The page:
Public works crews placed jersey barriers and civic banners Saturday, while activists prepared for marches and protests -- all marking Pittsburgh as a city-in-waiting for the pomp, and possible turmoil, to accompany the Group of 20 summit meeting here Thursday and Friday.
Leaders from 19 countries and the European Union will attend meetings at the David L. Lawrence Convention Center, attracting protesters on a range of issues from job creation and health care to the environment and cuts in social services.
Protests and marches are scheduled today Downtown and in the Hill District, where The March for Jobs gets under way at 2 p.m. in Monumental Baptist Church on Wylie Avenue and ends at Freedom Corner at Centre Avenue and Crawford Street. Volunteers passed out fliers yesterday in the Hill District to get the word out.
"It's a profound movement," said Steve Kirschbaum as he distributed fliers. He is one of a half-dozen school bus drivers from Boston who arrived here Friday. "People are getting sold out, and it's the height of hypocrisy. While they're busy bailing out big banks, they don't think about the jobless and the homeless. We want to make sure the focus is where it should be."
In Polish Hill, about a dozen people attended a workshop to train street medics, who will accompany protest groups on events throughout the week.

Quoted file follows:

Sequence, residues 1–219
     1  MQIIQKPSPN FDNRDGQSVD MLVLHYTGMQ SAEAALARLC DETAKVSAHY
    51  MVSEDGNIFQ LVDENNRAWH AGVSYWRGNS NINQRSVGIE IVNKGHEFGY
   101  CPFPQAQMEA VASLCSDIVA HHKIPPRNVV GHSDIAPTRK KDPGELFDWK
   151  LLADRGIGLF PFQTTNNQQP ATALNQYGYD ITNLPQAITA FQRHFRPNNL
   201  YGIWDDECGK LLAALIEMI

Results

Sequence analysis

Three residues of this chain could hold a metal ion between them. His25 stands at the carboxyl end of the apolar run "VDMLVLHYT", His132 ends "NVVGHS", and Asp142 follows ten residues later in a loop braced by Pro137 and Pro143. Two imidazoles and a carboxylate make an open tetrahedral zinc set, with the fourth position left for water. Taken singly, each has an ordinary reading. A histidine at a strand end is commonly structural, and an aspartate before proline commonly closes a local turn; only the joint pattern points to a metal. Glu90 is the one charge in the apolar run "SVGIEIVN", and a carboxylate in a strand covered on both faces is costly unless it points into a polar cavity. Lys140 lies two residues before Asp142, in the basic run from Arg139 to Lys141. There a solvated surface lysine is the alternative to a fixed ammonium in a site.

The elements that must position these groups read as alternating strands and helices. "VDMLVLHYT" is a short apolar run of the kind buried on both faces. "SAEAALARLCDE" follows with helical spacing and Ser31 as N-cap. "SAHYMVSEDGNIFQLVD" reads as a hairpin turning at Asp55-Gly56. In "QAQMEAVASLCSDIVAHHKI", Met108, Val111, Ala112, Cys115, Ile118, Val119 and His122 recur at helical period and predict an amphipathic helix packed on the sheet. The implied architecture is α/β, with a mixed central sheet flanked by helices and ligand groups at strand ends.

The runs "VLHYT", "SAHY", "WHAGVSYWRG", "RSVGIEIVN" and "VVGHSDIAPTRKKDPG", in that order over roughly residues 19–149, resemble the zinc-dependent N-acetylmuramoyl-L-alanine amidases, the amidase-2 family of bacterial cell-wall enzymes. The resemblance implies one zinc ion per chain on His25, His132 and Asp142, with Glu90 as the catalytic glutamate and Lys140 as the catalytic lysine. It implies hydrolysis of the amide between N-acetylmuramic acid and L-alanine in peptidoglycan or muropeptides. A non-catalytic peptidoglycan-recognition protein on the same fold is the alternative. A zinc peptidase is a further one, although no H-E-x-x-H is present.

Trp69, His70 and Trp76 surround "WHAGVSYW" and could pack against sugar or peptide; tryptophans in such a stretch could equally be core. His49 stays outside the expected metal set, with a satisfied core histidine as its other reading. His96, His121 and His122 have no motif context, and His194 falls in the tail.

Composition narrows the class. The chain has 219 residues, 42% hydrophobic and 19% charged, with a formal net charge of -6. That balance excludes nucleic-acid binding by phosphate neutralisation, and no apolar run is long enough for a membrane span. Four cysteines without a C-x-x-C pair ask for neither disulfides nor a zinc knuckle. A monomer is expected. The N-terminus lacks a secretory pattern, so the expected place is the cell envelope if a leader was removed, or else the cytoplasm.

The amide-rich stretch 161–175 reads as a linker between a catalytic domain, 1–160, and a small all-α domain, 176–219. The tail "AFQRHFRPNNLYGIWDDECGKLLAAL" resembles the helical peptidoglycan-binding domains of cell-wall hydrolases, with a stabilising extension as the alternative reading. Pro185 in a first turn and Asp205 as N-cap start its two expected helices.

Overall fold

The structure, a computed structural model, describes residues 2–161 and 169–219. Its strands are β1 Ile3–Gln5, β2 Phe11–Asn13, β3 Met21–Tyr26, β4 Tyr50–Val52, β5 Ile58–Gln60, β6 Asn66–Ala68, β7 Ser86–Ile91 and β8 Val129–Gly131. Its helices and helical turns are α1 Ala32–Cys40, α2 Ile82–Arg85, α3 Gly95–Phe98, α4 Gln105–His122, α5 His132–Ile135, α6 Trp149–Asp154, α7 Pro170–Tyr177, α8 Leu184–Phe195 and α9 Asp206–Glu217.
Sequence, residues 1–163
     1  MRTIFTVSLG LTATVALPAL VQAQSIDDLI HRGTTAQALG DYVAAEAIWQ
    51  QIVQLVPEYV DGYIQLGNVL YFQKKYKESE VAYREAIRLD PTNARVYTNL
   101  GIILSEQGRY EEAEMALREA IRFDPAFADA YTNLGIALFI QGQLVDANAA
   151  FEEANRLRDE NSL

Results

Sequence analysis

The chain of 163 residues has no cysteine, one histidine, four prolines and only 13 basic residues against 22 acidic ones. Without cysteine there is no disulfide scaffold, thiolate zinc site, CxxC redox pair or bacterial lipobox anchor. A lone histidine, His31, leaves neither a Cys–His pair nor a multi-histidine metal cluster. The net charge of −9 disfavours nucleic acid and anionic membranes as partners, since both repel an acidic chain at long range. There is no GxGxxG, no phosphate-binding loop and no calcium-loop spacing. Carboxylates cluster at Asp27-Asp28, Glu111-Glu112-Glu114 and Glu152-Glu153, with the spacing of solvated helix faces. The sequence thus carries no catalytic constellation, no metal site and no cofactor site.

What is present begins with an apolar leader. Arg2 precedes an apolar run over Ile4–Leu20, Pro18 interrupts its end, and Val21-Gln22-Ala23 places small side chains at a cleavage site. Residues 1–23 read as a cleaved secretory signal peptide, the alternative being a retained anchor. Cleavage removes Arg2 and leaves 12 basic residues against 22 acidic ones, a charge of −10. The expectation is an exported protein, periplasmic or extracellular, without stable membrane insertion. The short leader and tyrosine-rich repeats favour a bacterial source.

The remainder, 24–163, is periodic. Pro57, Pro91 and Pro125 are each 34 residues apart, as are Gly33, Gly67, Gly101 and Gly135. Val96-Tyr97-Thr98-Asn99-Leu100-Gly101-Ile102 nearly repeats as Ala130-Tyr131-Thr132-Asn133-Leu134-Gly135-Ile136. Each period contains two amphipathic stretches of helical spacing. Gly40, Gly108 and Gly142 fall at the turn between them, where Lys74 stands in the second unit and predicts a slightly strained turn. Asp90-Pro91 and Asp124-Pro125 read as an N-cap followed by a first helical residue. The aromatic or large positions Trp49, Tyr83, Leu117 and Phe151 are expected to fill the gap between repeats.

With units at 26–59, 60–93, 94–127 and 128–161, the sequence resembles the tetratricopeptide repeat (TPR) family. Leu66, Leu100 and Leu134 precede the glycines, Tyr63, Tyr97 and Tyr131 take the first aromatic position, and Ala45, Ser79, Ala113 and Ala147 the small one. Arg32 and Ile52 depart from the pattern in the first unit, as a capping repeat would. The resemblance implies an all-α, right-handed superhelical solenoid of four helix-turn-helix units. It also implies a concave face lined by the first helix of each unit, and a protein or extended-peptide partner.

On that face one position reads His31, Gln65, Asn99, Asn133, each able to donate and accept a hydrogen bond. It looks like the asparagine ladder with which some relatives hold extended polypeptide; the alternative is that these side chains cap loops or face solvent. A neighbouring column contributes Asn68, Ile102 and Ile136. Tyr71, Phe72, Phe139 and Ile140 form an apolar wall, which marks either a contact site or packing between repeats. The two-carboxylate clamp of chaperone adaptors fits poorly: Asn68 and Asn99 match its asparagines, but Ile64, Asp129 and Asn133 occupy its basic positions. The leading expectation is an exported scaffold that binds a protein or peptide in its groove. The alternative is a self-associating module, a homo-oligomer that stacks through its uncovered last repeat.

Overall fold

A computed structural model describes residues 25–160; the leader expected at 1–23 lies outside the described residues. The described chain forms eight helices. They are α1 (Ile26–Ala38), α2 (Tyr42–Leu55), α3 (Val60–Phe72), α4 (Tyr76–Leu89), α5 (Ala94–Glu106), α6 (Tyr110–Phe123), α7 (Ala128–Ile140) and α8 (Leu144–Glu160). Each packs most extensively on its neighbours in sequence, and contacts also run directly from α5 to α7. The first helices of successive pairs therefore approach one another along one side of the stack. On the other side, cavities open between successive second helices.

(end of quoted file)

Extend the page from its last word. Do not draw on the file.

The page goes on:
"As Pittsburgh EMS renders first aid inside the police lines, we'll be rendering first-aid to people outside the police lines," said Charles Schiavone, 39, a volunteer firefighter from Conneaut, Ohio, who described himself as an anarchist.
About 120 street medics will be deployed. They will be able to recognize life-threatening conditions and treat people or else get them help from licensed professionals, he said. Street medics were some of the first to respond to the injured after Hurricane Katrina hit New Orleans in 2005, he said.
Schiavone said most injuries he's seen at past events are accidental or weather-related. Rarely has he seen injuries inflicted by other protesters or police officers, he said.
Rows and rows of jersey barriers lay in waiting along Downtown streets yesterday evening, offering a sense of what might come. The convention center was relatively quiet. Fresh plywood went up around the glass windows of the Huntingdon Banking Office at Seventh and Smithfield.
A few blocks away on Liberty Avenue, a three-man crew placed pro- Pittsburgh banners on a vacant storefront. A …